Li, Jingzhong (1998) From balance of power to regional collectivism : China and Asia-Pacific economic cooperation. PhD thesis, University of Leeds.
This thesis is an exercise to examine whether the People's Republic of China will work together with the other Asia-Pacific countries in a multilateral framework. The argument that this thesis has made is that, driven mainly by both internal and external factors, there is a tendency for China to do so. The Chinese government and leaders' desire to turn China into an economically developed country has been the most important reasons for the Chinese government to devote more attention to the development of regional economic cooperation in the Asia-Pacific region. In order to make clear why the Chinese government, since the middle of the 1980s, actively sought to join the process of constructing regional economic cooperation, I have divided the whole thesis into two major parts. The first part is, (A), to define what kind of a region the Asia-Pacific is, and to demonstrate why as geographically and culturally diversified a region as the Asia-Pacific has become a region; (B) to show why the Asia-Pacific Economic Cooperation Ministerial Meeting (APEC), a forum, was chosen by the Asia-Pacific countries to promote economic cooperation in this region. The second part is focused on China itself. In this part, I shall, (A), find out what has happened in the thinking of the Chinese leaders and academics to bring about China's participation in APEC and why; (B), demonstrate that the economic consideration was the most important reason for the Chinese government's decision to join APEC. In conclusion, I shall demonstrate that important changes in the Chinese foreign policy thinking, caused by the momentum of developing regional economic cooperation and the Chinese government's desire for faster economic development, have led to China's participation in the APEC process. I shall also show that China is strongly motivated to adopt regional collectivism and point out that China's APEC membership will lead to increased cooperation between China and the other Asia-Pacific countries.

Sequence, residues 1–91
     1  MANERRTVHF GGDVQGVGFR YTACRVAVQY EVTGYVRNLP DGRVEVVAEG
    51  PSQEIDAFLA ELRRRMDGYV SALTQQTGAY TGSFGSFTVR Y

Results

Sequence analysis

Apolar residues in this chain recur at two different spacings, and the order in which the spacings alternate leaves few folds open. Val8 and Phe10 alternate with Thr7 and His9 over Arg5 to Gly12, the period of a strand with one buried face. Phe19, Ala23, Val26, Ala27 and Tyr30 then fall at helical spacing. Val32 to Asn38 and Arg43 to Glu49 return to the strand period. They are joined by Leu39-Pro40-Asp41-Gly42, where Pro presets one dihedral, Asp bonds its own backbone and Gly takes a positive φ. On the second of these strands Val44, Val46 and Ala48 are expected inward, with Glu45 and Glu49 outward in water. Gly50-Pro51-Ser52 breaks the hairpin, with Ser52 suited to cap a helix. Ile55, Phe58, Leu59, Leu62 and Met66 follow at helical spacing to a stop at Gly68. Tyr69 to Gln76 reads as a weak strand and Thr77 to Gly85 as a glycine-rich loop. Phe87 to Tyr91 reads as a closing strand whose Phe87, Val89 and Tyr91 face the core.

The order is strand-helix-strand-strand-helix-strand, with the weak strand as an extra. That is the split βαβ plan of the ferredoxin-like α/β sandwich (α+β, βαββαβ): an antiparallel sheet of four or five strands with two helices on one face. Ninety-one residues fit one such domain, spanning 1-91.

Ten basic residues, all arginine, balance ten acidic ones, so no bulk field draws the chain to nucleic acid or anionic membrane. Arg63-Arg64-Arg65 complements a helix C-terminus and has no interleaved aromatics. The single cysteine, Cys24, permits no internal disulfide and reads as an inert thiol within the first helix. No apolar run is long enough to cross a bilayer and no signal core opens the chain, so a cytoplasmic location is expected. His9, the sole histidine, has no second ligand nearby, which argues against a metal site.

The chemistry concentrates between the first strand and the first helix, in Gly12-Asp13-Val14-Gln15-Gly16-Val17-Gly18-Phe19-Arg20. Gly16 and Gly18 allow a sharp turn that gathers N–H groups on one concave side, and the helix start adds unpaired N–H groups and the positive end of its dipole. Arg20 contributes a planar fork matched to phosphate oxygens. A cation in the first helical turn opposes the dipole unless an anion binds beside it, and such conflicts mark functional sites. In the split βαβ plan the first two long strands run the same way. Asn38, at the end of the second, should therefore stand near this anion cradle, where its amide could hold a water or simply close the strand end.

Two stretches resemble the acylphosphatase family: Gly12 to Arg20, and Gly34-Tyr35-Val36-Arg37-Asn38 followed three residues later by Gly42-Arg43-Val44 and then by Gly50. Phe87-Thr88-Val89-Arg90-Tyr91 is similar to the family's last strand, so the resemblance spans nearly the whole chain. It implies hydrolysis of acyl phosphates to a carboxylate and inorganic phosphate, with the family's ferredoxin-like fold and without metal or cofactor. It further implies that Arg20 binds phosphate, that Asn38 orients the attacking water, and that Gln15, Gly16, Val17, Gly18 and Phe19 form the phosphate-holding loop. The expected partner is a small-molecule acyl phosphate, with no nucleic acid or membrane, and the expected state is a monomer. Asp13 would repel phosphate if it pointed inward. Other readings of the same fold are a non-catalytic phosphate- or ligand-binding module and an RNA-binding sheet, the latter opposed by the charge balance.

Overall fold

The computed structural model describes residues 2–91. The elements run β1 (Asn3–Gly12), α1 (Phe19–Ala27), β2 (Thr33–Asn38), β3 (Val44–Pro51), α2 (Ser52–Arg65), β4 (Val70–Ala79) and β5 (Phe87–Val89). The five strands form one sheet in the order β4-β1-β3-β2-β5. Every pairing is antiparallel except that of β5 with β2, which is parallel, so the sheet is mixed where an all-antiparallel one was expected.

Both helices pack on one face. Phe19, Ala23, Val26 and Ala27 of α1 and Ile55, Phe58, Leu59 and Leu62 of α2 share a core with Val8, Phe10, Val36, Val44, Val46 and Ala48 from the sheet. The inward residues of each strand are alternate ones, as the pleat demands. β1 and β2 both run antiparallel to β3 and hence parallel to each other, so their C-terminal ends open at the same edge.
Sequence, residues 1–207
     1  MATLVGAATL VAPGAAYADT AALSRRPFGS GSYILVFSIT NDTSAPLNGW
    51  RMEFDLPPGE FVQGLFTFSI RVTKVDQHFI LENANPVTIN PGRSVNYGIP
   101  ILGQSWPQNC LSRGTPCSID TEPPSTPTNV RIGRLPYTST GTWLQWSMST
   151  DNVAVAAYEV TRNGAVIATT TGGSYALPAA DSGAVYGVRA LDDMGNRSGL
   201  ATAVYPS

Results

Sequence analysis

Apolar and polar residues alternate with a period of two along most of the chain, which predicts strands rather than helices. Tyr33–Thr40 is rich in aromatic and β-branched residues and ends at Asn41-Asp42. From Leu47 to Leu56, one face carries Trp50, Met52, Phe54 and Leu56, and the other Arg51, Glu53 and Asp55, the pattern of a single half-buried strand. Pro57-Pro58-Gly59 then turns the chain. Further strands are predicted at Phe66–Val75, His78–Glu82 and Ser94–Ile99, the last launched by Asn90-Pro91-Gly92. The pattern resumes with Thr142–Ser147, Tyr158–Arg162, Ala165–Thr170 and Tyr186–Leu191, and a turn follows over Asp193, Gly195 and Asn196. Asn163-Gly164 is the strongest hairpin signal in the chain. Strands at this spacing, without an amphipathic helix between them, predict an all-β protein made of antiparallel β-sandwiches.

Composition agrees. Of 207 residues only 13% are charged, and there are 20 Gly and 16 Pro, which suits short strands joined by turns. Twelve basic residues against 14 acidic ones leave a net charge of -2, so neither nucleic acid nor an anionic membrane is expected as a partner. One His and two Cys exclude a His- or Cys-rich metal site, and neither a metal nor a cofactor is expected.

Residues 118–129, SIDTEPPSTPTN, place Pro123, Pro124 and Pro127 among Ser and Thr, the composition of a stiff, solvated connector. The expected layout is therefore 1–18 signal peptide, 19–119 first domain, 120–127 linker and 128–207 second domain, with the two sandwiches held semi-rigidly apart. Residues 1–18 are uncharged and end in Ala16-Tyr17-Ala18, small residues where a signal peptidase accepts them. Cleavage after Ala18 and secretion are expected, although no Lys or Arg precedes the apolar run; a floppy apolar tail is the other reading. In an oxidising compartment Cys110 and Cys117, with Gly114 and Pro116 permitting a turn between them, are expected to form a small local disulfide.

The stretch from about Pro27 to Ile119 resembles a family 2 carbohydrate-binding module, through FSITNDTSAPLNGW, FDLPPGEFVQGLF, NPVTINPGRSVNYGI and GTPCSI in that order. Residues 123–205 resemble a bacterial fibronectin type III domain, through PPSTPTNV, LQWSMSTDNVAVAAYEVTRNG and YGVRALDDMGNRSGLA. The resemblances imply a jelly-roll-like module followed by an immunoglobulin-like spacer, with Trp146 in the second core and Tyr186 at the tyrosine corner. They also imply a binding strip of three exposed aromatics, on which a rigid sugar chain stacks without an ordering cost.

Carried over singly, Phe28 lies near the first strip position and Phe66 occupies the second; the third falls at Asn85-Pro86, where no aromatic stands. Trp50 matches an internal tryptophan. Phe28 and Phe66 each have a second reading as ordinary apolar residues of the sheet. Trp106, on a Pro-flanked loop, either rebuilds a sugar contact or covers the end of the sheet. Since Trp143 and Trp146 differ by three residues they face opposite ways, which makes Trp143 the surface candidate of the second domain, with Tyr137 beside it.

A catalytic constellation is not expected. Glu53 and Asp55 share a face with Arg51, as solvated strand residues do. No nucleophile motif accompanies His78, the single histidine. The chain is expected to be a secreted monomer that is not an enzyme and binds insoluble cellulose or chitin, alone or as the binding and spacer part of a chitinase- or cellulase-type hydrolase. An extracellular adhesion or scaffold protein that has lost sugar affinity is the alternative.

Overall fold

|Item Type:||Thesis (PhD)|
|Department:||The University of Leeds > Faculty of Arts (Leeds) > School of Modern Languages and Cultures (Leeds) > East Asian Studies (Leeds)|
|Identification Number/EthosID (e.g. uk.bl.ethos.123456):||uk.bl.ethos.420550|
|Deposited By:||Ethos Import|
|Deposited On:||08 Feb 2010 09:58|
|Last Modified:||08 Feb 2010 09:58|
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